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How can I progress in the legal services industry?

I have a bachelors degree in psychology #psychology #law

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Arvind’s Answer

Learning about Psychology is quintessential for almost everyone but it plays a pivotal role if someone with aspirations to pursue career in legal services. Having a degree Vs knowledge n Wisdom are two different sides of same coin. Psychology is more about learning different behaviours and finding a link or a pattern about those aspects to profiling someone but Law is about how does one corelate those patterns and when a Jury/Judge in Court of Law with evidences presented, comes with the verdict. Law goes by evidences, legal acts/rules/section while creating a solid case to defend or convict is completely in hands of legal councels where psychological understanding of situations comes handy. While Law/Judiciary dictates "Ignorance of law is not an excuse", at the same time psychology emphasise on knowing what all one can know about oneself or others in business. HTH.

Arvind recommends the following next steps:

If one is good at psychology and pursuing a career in legal services then go for Law. You will be most successful.
For learning a Degree not mandatory but to practice it is. Knowledge and passion are important.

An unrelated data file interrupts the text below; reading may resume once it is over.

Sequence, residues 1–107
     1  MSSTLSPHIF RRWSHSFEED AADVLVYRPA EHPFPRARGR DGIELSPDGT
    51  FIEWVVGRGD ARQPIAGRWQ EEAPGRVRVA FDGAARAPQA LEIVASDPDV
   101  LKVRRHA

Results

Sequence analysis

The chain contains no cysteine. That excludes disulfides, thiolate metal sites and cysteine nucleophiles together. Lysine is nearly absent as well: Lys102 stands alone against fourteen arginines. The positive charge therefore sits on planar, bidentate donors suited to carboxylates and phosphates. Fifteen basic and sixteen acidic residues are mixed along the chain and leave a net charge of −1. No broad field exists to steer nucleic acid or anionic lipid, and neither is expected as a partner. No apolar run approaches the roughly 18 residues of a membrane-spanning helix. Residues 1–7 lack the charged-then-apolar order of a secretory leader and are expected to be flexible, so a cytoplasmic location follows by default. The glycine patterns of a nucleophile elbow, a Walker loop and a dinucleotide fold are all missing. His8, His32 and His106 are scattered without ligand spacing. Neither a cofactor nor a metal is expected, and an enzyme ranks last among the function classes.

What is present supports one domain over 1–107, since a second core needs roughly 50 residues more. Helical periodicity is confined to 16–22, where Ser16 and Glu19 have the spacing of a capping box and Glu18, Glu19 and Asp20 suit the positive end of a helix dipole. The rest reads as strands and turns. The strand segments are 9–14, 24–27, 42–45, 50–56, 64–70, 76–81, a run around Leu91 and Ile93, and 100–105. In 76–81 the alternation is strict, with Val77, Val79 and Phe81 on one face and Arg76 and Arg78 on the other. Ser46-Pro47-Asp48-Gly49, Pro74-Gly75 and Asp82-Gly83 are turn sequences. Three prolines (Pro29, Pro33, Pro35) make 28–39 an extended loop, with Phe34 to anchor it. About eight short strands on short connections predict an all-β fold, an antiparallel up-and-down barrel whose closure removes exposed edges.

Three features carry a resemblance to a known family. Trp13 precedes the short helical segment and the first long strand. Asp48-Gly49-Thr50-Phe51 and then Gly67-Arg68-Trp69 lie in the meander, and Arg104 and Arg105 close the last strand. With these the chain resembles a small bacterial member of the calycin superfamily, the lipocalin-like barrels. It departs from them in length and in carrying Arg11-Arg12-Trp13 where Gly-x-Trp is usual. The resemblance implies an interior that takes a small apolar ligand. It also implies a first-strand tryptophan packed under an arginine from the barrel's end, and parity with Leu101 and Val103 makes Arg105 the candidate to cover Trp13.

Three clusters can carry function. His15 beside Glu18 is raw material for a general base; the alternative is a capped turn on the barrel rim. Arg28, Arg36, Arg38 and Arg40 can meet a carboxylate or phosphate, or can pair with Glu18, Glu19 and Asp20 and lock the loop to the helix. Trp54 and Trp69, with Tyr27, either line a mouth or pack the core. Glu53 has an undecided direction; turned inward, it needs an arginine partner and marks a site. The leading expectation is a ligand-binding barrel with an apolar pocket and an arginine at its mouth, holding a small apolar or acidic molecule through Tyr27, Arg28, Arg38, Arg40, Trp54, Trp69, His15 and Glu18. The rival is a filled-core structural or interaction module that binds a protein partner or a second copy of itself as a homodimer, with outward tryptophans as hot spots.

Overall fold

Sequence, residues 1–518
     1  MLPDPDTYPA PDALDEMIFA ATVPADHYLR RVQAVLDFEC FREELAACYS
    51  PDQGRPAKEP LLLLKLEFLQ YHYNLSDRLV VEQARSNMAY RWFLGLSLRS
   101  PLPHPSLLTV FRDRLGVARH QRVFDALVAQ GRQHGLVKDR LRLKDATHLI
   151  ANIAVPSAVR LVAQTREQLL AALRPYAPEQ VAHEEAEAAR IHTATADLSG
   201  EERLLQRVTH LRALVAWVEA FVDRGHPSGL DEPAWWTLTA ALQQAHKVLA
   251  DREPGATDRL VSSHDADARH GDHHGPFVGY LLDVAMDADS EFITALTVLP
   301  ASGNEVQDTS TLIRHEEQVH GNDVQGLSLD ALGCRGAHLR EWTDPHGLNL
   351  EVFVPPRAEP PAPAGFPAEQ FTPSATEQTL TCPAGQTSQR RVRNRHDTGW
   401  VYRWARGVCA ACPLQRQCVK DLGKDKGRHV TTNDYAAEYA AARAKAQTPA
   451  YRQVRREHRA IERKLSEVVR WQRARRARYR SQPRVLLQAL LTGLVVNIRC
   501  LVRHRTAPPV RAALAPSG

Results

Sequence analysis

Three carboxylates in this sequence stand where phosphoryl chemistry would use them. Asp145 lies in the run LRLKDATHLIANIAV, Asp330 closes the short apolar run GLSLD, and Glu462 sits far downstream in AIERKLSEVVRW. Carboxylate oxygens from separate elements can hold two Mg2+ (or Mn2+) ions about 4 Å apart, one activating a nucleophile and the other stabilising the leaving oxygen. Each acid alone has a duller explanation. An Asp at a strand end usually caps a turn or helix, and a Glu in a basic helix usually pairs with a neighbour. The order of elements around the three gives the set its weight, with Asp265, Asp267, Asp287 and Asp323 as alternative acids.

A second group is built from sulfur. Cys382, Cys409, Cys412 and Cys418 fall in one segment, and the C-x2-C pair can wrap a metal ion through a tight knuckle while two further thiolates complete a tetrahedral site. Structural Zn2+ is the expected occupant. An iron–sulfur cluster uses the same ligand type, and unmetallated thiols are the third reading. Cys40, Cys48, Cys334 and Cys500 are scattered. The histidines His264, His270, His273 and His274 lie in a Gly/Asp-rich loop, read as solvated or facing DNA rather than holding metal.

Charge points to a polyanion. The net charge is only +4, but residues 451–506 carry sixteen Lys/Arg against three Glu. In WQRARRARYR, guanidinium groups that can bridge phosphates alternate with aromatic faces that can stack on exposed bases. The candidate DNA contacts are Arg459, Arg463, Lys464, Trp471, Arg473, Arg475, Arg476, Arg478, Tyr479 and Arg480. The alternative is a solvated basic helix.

Know yourself and passion.
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mitch’s Answer

With a bachelor's degree in hand, you need to the the LSAT (law school admissions test), which most law schools use, along with your grade point average from undergraduate work, to determine whether to accept you as a student. It doesn't matter all that much what your undergraduate degree will be or was. But if one is in the position of choosing an undergraduate degree, or even selecting what to study in high school, I suggest you emphasize majors and classes which force you to write in every way possible, and to speak. The same is true as to what extracurricular activities you should consider, with a legal career in mind.
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DENNIS’s Answer

Hi Saudah: A B.A./B.S. degree puts you half way there. Now, as Mitch poinys out, is your need to take the LSAT. I would suggest taking a prep course and getting prep books - they help. Kaplan comes to mind but they are not the only ones. Now, in Durham you have Duke, UNC Chapel Hill not too far away. Try to get a job (for now) at one of those law schools. That will give you a hands on idea as to what you will face once in school. If those do not work, try to get a job in the Court system. This will also help. If all else fails, get a job on a law firm. That will help you focus your attention on the part of the law you want to work in. These are the steps I think will help you advance in the field. Good luck - and remember, law is like ice cream - you have to try a few flavors before you find the flavor you like!
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